The Accessibility for Ontarians with Disabilities Act

The Accessibility for Ontarians with Disabilities Act (AODA) aims to identify and remove access barriers (physical and virtual) for people with disabilities by 2025. It uses WCAG as its benchmark for determining compliance.

The AODA applies to:

  • Government bodies in Ontario.
  • Non-profit organizations in Ontario.
  • Commercial organizations in Ontario.

More about the AODA.

How WCAG Works

WCAG 2.1 consists of 78 success criteria, which are pass-or-fail statements that address accessibility barriers such as low-contrast text, ambiguous anchor text, and keyboard accessibility issues

These criteria are organized into three levels of conformance: Level A (the most essential and least strict), Level AA, and Level AAA (most strict). 

Legal precedent in the U.S. shows that courts generally consider Level AA – the standard level of WCAG conformance – to be the benchmark for demonstrating ADA compliance.

The Four Key Principles of WCAG

WCAG outlines four guiding principles for digital accessibility: perceivable, operable, understandable, and robust. Together, these principles form the acronym POUR — and they can be used to help businesses create content that is accessible for everyone. 

Perceivable: Information and user interface (UI) components must be presentable and perceivable to all users. Nothing should be “invisible” to any of their senses.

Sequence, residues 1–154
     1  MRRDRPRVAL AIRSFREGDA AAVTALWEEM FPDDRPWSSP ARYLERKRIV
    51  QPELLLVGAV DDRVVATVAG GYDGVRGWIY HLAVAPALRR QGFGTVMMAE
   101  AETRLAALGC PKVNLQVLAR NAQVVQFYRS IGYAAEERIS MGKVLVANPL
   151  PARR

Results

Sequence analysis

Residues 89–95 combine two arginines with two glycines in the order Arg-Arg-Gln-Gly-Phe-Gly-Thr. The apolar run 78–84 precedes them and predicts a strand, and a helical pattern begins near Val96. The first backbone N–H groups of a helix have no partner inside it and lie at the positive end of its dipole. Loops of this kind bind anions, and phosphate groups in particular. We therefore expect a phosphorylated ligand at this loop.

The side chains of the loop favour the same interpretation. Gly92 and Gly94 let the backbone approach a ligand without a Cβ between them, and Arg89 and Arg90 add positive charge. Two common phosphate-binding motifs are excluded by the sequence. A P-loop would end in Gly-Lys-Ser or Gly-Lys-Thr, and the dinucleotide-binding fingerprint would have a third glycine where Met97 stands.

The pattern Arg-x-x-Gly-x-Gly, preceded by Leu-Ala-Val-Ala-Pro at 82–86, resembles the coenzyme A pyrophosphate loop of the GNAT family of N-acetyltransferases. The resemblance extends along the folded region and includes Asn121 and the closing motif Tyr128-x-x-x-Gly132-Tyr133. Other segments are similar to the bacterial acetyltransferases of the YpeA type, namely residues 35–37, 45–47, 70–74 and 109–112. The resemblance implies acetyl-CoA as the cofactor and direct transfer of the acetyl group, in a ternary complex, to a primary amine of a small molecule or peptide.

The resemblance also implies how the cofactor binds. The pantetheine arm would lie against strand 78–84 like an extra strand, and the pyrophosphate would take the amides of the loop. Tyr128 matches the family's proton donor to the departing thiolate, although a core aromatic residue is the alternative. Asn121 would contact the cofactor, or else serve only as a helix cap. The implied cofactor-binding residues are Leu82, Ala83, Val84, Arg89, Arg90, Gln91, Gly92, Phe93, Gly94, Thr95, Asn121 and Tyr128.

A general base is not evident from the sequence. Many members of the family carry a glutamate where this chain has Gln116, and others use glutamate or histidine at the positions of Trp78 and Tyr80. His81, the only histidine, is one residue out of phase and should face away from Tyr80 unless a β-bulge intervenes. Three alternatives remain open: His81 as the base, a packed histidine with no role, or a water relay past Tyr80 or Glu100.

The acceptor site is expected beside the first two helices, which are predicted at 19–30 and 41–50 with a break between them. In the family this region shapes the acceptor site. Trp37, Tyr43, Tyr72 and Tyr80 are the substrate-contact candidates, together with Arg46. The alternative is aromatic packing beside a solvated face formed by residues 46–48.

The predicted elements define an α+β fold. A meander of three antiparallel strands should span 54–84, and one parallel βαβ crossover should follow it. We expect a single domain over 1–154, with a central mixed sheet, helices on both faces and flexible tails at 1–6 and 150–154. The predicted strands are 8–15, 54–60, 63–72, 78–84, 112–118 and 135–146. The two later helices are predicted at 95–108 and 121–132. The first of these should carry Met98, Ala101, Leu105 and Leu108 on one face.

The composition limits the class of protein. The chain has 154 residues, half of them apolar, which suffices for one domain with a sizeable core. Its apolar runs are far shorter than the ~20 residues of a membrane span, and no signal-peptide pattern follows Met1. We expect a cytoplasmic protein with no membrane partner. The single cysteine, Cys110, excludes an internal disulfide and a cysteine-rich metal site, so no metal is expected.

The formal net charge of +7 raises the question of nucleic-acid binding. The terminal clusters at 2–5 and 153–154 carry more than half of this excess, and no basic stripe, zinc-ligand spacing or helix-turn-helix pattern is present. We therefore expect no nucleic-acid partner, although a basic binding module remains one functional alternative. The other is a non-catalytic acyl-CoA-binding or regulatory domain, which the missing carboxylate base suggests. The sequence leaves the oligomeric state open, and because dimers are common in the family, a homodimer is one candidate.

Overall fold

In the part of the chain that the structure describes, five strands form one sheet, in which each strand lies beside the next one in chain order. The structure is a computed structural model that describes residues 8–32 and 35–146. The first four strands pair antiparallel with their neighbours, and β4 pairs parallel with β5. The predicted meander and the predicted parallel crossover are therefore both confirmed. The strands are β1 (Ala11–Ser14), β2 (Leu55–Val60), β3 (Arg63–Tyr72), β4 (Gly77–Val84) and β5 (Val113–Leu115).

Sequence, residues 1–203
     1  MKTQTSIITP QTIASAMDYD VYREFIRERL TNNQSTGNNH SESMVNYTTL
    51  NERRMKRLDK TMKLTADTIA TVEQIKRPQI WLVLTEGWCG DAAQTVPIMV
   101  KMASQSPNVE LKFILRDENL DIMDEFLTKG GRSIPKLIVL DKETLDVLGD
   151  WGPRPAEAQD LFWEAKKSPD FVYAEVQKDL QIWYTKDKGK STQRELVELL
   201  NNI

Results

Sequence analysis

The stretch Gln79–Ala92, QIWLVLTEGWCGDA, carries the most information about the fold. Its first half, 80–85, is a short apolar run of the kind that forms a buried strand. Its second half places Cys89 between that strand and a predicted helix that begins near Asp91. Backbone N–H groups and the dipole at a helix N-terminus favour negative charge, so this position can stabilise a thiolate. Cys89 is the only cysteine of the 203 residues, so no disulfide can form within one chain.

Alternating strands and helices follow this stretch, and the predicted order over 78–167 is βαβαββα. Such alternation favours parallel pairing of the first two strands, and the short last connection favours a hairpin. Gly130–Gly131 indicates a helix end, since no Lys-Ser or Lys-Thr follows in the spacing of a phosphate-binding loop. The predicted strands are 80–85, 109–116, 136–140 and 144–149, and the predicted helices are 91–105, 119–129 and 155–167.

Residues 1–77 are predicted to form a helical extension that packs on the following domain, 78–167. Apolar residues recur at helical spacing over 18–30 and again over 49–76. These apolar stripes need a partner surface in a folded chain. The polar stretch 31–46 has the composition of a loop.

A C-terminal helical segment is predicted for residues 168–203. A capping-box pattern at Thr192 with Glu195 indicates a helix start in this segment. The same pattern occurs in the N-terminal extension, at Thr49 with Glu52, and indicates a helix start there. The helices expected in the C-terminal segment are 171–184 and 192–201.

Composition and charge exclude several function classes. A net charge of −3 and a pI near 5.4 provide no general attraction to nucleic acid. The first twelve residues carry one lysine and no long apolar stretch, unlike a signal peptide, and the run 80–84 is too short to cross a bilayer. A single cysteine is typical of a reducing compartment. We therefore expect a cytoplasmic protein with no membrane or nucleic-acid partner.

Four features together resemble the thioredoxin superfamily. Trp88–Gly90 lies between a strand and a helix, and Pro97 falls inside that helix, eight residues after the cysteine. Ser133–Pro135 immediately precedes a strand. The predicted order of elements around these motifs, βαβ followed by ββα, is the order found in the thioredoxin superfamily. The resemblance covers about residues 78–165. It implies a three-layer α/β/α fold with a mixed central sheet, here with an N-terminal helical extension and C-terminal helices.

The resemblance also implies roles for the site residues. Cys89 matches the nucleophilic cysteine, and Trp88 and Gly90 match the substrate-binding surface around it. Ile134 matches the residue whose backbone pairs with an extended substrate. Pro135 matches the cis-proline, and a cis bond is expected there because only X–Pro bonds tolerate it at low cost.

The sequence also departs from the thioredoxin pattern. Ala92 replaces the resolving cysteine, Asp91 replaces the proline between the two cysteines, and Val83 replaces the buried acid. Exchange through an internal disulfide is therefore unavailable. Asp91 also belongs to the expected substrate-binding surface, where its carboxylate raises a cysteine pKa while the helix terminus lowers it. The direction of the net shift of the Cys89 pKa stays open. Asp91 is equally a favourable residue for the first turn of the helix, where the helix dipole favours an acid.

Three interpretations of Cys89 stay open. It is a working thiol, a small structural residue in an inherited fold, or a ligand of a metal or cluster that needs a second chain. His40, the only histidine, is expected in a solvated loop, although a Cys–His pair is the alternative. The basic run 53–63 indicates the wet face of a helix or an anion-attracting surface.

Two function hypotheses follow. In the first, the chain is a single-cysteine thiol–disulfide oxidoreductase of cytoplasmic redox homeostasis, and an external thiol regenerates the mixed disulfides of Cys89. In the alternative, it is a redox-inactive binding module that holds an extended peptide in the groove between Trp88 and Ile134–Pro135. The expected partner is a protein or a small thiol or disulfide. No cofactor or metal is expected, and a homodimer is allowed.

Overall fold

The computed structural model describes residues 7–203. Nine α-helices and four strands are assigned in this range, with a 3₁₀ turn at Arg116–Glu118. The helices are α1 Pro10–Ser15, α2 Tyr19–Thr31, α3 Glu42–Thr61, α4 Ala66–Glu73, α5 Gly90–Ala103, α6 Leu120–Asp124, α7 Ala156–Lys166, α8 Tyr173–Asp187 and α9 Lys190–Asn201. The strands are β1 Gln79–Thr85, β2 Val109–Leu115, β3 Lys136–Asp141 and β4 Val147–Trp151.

How to make content perceivable:

  • Provide text alternatives for any non-text content, such as images, graphs, or videos.
  • Add live captions to video content.
  • Add pre-recorded audio descriptions to video content.
  • Ensure minimum levels of color contrast between the text and background.

Operable: Web or device interface and navigation, such as controls and buttons, should be operable in a variety of ways to make sure people with different abilities can use them.

How to make content operable:

Understandable: Content and user interface should be easy to understand by all.

How to make content understandable:

  • Specifying the language (for example, English) of content on a page, so screen readers can determine the correct pronunciation and visual browsers can display the right characters.
  • Ensuring repeated navigation elements appear in the same order on every page.
  • Providing relevant, clear, and simple instructions or labels when user input is required.

Robust: Content must be robust enough that it can remain accessible, even as technologies and user agents evolve. Websites should be compatible with current and future user agents, such as browsers and assistive technologies like screen readers.

How to make content robust:

  • Ensuring all elements are correctly nested, have complete start and end tags, and have unique IDs, so assistive technologies (AT) can parse the content correctly.
  • Ensuring that the name and role of each user interface element can be programmatically determined.